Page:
Same moral panic, different day.

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Read the fricking label?

As we haven’t had one of these stories for at least two or three months now, let’s all be united in our shock and surprise as somebody else calls for action on the negative impact of video games on the fragile minds of young people.

Quel surprise.

Putting aside glibness for one or two minutes, the points made by Alison Sheratt of the Association of Teachers and Lecturers are not wholly without merit.  Kids are being allowed to play unsuitable, age-restricted video games by their idiot parents and teachers are seeing the result of this in their classrooms.  They are understandably upset by this – this does not, however, permit them to presume to stop the rest of us from playing video games intended for adult audiences in the comfort of our own homes.

Puffing yourself up and demanding that the government introduce ‘stringent legislation’ to restrict access to video games, internet content and television programmes is going to do absolutely nothing to end this problem as the responsibility for children’s exposure to media ends squarely and solely with their parents – the self-same group who invariably allow their wee darlings to play Modern Warfare 3 because it’s a game like Wii Sports and couldn’t possibly be harmful to little Kyle and Jade.

Let’s state some undeniable facts, shall we?  Kids have no money – their parents buy games consoles and TV’s, give their children laptops and mobile devices and purchase the software which runs on them.  The software which they buy for these home systems comes with the industry’s self-policing certification system (see the PEGI graphic above).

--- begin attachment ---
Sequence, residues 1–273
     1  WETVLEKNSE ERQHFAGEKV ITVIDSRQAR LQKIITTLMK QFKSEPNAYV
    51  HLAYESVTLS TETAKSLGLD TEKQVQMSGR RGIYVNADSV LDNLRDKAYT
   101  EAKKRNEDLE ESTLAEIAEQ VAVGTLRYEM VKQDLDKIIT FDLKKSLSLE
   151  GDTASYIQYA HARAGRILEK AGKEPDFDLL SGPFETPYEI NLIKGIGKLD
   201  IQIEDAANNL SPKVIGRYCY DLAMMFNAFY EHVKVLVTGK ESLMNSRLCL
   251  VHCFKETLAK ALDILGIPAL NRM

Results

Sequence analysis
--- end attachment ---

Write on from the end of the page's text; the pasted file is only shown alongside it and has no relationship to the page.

This means that parents, so keen to scream, shout and bully their way out of being held accountable for anything that their little darlings do, have no excuse about being unaware that the latest Saints Row” is totally unsuitable for their offspring.  If they choose to ignore ratings, certificates and guidance aimed to help them make informed choices about their children’s entertainment, its a parent’s fault and nobody else’s if their delightful kids then go to school and, through actions and words, make them look like the negligent, incompetent and careless half-wits that they so frequently are these days.

If we need to start doing anything in society, it’s to make feckless and lazy parents own the behaviour of their children and be held legally and morally accountable for their inaction and, let’s be honest, frequent corruptive influence.  Everybody shouldn’t have to suffer because some parents can’t be bothered to, you know, parent.

 

 

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2 Comments

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2 responses to “Same moral panic, different day.

  1. I have written my share on the same subject many times myself and so many more have too. It’s so sad that we have to keep returning to it. It’s not like the rating system isn’t in everyone’s face. There is no excuse what so ever to blame violence on games. Like you said, the blame is on the parent.
    Hell, even when I was a kid my parents monitored the movies I watched and the music I listened to. While they didn’t approve all the media I enjoyed, the more ‘hardcore’ of it they would take the time to sit with me and explain it in context (I was going to watch it/listen to it anyways). Morality and wrong and right was explained and I am a better person for it. If a parent must let their kid play some of these games, at least take the time to talk to your kids about it.

    • This is the problem, isn’t it? We’ve got so many parents who don’t want to parent – and it’s these guys who seem like they’re the first ones to point the finger and decry bad behaviour in others. I’ve lost count of the times that I’ve been in a branch of the nearly-deceased GAME chain of video game stores in the UK and seen a parent or ostensibly responsible adult buying “Call of Duty” or another FPS for a pre-teen son.

      And these are the guys who will never take the time to contextualise the violence in a game like this as being comic book/action movie derived – and wouldn’t know a parental lock if it punched them in the chops.

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